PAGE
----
Google AdSense (and other advertising products) appear to have turned on a new detection system for violations of their PII policy. Here are a couple of easy steps to fall foul of it without meaning to.
What is a PII (Personally Identifiable Information) Violation?
Specifically the line:
In particular, please make sure that pages that show ads by Google do not contain your visitors' usernames, passwords, email addresses or other personally-identifiable information (PII) in their URLs.
Easy right? Just don't be dumb and pass the visitors info in URL.
Here are a couple of ways to fail at that automatically - you may well be doing them yourself right now.
Fail #1: Your Search Results Page
If like every other site on the Internet, you have a search feature, and like every other search engine (copying Google themselves) you present the search results at a URL with the user's query in a GET parameter e.g.
search/?q=ponies, then you will probably violate AdSense policy eventually.
All but one of the handful of breach notifications I've come across from Google are due to people searching for an email address. That obviously results in a URL that looks like
firstname.lastname@example.org and Google's apparently new automated detection of PII violations flags that.
As an aside, it's quite likely that they are not searching for their own email address and so it's not really PII, but who can know? Google will see an email address in URL and call it a breach.
But that's pretty standard behavior for a search box right? We'll see what we can do in a bit.
Fail #2: Users Saving Your Content For "Offline Use"
Less obviously, you may have users who like to "save" pages on your site for "offline" use. Of course if they really are offline when they view it they will not make any ad requests to Google and you'll be fine.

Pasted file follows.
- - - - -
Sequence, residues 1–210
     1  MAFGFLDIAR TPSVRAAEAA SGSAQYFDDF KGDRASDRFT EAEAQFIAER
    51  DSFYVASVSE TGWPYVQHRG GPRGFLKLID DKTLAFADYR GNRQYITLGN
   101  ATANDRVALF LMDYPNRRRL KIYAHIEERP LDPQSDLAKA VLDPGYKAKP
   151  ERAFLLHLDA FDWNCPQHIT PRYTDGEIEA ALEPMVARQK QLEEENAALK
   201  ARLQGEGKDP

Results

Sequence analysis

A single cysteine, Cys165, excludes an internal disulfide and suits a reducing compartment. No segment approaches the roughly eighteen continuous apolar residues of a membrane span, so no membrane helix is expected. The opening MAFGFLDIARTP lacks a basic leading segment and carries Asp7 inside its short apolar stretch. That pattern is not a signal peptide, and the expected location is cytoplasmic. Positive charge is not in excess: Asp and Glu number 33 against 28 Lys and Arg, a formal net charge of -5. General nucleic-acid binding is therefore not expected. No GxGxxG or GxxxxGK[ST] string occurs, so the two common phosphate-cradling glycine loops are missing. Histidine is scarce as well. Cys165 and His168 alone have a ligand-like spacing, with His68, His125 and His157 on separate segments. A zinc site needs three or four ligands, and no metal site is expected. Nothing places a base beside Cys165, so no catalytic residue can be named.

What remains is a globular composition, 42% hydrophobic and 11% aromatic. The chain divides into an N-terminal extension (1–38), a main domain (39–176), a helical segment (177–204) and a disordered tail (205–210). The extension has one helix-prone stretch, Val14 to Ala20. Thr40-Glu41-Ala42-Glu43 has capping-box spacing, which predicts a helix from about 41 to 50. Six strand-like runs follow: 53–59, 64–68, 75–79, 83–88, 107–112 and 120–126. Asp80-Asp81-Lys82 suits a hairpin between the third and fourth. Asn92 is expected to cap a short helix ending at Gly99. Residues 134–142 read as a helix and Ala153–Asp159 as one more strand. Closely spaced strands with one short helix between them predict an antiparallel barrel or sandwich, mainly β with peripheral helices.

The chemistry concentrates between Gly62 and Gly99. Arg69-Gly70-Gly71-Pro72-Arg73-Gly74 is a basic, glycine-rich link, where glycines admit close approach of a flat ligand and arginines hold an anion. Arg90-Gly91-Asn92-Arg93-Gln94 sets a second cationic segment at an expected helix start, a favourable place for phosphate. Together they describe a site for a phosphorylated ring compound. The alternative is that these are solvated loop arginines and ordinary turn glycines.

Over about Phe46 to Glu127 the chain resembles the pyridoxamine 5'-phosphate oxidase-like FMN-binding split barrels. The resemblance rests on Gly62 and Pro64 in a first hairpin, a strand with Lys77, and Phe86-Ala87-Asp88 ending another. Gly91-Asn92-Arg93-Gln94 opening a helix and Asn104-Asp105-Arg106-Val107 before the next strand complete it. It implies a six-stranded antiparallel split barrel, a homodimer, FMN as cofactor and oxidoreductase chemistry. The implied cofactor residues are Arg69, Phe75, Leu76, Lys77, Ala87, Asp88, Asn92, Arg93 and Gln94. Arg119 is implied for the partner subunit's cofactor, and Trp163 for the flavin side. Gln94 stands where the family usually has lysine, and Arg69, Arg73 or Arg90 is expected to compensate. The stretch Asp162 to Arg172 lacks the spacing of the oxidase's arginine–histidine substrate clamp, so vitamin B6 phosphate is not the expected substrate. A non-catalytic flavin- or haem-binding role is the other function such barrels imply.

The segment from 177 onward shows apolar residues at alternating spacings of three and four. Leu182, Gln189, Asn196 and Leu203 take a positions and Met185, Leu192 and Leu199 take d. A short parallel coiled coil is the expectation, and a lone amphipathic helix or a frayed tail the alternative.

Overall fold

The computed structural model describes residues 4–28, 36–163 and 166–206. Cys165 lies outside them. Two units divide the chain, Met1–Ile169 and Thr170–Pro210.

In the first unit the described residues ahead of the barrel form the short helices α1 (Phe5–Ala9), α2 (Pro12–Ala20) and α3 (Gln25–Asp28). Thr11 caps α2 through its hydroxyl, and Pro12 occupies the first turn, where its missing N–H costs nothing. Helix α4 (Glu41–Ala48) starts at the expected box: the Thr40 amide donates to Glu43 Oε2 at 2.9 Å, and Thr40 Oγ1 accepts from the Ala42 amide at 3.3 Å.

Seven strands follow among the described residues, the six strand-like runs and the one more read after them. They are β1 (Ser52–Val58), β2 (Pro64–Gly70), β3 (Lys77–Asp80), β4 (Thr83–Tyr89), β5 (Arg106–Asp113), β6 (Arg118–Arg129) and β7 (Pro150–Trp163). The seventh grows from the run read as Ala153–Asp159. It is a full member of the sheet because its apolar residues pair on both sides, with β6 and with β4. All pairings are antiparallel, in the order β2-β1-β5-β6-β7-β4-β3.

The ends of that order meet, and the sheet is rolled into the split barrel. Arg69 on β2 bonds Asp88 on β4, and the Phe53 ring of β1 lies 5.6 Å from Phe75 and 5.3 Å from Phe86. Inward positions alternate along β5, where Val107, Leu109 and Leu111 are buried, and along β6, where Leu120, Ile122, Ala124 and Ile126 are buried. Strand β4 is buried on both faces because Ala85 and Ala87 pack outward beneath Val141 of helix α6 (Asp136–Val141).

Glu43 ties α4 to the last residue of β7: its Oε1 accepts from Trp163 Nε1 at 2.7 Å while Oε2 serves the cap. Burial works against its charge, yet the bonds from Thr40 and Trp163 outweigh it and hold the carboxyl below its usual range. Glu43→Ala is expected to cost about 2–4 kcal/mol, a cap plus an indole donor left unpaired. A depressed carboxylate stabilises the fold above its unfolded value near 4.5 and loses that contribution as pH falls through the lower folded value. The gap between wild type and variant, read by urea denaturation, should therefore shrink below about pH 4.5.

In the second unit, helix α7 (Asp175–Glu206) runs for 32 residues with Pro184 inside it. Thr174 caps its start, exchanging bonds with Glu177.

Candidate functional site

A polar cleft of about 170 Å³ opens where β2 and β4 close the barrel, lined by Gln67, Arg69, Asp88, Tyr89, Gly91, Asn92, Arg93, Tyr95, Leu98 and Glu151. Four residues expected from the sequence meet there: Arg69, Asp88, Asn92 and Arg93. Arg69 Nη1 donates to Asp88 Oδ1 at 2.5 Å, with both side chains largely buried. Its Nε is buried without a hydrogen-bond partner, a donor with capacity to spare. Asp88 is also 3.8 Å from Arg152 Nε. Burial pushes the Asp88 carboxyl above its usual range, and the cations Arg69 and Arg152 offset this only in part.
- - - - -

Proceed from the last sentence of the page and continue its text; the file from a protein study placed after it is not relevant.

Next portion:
But in at least one case I've come across, a user saved a page on a site which uses Google AdSense to a folder on their machine like
/Usersemail@example.com/stuff/your-page.htm. They must have loaded this in their browser while still online and the resulting ad calls from the JS embedded in the page when they saved it fire off to Google with
?url=file:///Usersfirstname.lastname@example.org/... in the URL, violating their policy.
Actually in both of these cases it's a little hard to find a good solution. For the first you could perhaps have a special encoding of email addresses in search JS but that goes against the spirit of the policy - the email info is still there if it is in fact PII (probably not if visitor is searching for it but there you go). Not to mention relying on JS instead of regular GET form submission.
It's a nasty hack and misses many other cases. The second example is one of the many possible reasons you would probably never consider which would not be covered by sticking plasters like that.
It would seem the most pragmatic solution is to adjust your ad serving logic to scan URL and referrer for email addresses and just opt to not show ads on that page if you find any. Hopefully it's rare enough not to lose you too much revenue and the alternatives are likely more expensive.
One thing to note though: checking for email addresses on server side is probably not enough. It wouldn't have caught that second case above and there are many other cases where it might not work.
So if you rely totally on Google's provided libraries to display your ads, you may need to write a small wrapper to handle this case on the client side. It seems like this should be something Google's JS does automatically or at least something you can opt-in to.